Tuesday, September 26, 2017

Credit Human to Receive $8.8 Million in Incentives to Relocate HQ

The City of San Antonio and Bexar County will provide Credit Human Federal Credit Union $8.8 million in tax and other incentives to move its headquarters to an office tower to be constructed at the Pearl.

Credit Human, formerly known as San Antonio Federal Credit Union, is the third largest credit union in San Antonio (TX).

The city has proposed offering up to $5.2 million in tax abatements and a $1.5 million tax rebate for the project, but the total value of both incentives would be capped at about $5.8 million, according to the Midtown Tax Increment Reinvestment Zone agenda.

The county is proposing a ten-year tax abatement worth a total of just under $3 million.

The project is expected to consist of two multi-story buildings, with the largest building being used for headquarters use for the credit union and mixed office and retail use. The 3.13 acre site on Broadway Avenue will comprise a total of 310,000 square feet of usable space and the construction of a total of 958 surface and underground parking spaces.

According to news reports, the price tag for the project is estimated at $113 million.

Under the incentive deal, the credit union would be required to pay its employees more than $11.83 an hour. After a year, 70 percent of the employees would have to make at least $15.68 an hour.

Read the agenda item.

Read story (subscription required).

Read an earlier story.


Research: Mixed Evidence that CU Tax Exemption Serves Intended Purpose

The Federal Reserve Bank of Richmond recently published an article, Credit Unions: A Taxing Question that suggests there is mixed findings as to whether the continuation of the credit union tax exemption is justified.

The paper analyzes the findings of various research papers on the credit union tax exemption.

The paper argues that there are two legislative justifications for the credit union tax exemption -- their mutual structure and their purpose of assisting those of modest means.

The paper points out that "[c]ritics of the credit union tax exemption have long used the repeal of the mutual savings bank tax exemption as evidence that credit unions should lose theirs." However, mutual savings banks lost their tax exemption because they were no longer "self-contained cooperative organizations." Despite the similarities between mutual savings banks and credit unions, the paper states credit unions still retain more of their cooperative qualities than mutual savings banks.

But I would note that the erosion of common bond is undermining the linkage between credit union borrowers and savers.

The paper then examines at the incidence of the tax subsidy. In other words, where does the tax subsidy go?

Citing work by Robert DeYoung and others, the authors found that the majority, but not all, of the tax subsidy was passed through to credit union members in the form of higher deposit rates. The authors also stated that an economically substantial amount of the subsidy was diverted away from credit union members, mainly by hiring too many workers and earning below marketr returns on investment securities.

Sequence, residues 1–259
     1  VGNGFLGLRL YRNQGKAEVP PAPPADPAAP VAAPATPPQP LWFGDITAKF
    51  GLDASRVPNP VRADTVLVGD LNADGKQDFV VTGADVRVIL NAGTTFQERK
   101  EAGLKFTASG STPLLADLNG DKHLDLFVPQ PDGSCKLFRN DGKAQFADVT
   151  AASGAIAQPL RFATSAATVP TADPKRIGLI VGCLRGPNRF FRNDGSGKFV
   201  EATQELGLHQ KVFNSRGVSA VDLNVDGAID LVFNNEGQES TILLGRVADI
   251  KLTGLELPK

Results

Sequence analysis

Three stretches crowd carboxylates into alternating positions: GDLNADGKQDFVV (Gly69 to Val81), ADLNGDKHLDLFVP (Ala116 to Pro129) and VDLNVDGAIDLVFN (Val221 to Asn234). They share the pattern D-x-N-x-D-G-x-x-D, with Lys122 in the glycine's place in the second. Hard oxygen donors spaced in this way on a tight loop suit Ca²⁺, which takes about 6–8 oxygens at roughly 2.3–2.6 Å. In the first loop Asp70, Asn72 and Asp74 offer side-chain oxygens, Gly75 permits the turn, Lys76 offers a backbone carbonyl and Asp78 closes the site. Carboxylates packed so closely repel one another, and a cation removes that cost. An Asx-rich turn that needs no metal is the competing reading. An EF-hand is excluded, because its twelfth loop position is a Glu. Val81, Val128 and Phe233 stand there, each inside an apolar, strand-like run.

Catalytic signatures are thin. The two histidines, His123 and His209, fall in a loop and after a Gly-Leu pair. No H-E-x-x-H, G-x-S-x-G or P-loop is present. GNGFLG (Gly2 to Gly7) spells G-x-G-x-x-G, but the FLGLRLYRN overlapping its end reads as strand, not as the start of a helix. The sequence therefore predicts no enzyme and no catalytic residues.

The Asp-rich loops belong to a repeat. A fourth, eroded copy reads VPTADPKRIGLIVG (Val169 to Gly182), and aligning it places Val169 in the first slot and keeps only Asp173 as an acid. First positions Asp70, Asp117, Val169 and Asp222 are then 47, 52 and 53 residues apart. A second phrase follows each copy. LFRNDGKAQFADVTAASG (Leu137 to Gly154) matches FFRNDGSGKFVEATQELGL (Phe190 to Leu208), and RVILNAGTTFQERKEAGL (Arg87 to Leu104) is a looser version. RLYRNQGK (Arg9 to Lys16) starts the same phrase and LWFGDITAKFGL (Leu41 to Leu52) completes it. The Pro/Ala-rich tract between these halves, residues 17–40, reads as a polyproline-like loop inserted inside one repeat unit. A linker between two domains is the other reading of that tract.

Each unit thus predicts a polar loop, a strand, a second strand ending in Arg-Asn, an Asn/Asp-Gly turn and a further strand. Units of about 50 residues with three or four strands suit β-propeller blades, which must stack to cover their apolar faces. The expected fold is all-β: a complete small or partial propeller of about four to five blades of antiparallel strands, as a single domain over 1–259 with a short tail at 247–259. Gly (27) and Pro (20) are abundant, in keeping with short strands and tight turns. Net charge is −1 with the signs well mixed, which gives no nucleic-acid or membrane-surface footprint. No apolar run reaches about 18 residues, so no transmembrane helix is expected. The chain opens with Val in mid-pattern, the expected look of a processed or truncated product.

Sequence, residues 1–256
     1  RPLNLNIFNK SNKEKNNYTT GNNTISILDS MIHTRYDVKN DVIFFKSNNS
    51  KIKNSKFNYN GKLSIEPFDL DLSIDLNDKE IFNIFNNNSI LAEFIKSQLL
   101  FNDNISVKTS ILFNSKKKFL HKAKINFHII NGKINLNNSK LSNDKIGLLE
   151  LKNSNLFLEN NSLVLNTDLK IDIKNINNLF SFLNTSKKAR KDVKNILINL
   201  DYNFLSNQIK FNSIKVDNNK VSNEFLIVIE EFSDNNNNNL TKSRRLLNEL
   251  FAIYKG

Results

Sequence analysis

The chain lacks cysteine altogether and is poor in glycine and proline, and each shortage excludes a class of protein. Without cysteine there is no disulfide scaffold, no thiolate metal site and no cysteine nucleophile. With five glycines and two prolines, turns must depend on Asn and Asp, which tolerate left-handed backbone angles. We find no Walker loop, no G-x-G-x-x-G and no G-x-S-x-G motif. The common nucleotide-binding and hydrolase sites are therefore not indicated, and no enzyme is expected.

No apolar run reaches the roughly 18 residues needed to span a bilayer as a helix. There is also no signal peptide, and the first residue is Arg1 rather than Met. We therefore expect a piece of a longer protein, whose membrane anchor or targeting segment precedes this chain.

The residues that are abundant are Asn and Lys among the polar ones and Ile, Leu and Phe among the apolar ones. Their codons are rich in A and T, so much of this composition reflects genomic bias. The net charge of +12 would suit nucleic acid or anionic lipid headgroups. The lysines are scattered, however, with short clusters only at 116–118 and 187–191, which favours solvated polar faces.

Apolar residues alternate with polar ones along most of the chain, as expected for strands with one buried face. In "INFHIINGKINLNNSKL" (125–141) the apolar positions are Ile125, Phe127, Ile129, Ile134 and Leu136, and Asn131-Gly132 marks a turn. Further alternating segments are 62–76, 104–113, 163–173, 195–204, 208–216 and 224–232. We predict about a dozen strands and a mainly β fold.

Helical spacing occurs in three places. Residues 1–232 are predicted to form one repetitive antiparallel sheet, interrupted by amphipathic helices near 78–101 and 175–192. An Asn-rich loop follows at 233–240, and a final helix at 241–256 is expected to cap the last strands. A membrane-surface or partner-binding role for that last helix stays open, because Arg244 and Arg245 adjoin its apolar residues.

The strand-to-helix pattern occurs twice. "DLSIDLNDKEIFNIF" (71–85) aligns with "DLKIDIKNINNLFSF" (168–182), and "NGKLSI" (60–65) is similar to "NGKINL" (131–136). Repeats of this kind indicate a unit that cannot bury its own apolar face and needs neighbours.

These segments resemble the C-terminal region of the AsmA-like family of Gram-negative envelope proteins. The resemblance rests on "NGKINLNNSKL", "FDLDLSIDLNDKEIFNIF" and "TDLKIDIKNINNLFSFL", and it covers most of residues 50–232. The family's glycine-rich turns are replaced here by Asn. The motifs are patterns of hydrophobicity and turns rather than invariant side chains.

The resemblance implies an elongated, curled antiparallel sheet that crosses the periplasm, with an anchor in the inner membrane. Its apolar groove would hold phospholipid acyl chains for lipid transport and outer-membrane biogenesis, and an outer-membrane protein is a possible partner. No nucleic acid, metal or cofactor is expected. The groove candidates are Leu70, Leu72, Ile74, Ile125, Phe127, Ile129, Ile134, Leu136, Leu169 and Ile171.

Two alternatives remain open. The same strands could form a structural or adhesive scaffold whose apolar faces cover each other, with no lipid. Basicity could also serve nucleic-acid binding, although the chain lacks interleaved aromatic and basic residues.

While the credit union subsidy appears to be flowing to members, the other justification for the tax exemption is that credit unions target those of modest means. The evidence is mixed on whether this policy goal is being met. Credit unions claim that their common bond requirements may result in a selection bias that makes it harder for them to serve people of modest means. However, research looking at large Wisconsin credit unions with broad fields of membership found that large credit unions were targeting wealthier customers, as evidenced by the markets in which they locate branches and the income level of mortgage borrowers.

The paper concludes that "research performed on credit unions and the tax exemption reveals mixed results as to whether, on the whole, credit unions still serve the same purposes today as they did when they were first chartered in the early 20th century."

Monday, September 25, 2017

CU Taxi Medallion Lender Likened to Last Decade's Predatory Subprime Lenders

The Philadelphia Inquirer is compares the collapsing of the Philadelphia taxi market to the mortgage meltdown last decade and has some harsh comments about Melrose Credit Union (Briarwood, NY).

The article states:
"[L]enders drew up medallion loans with huge balloon payments, made to people who couldn’t afford them but who never worried about paying them off when they came due in three years. Why? Because the taxi business was golden, generating ample revenue. Meanwhile, just as with real estate, the value of medallions kept rising.

Besides, there was always another chance to refinance.

Until, suddenly, there wasn’t."

This sounds so familiar to the the subprime mortgage crisis.

At their peak in October 2013, taxi medallion prices were $530,000. However, after Uber and Lyft entered the market, taxi medallion prices dropped precipitously and as of August 2017 were at $52,000.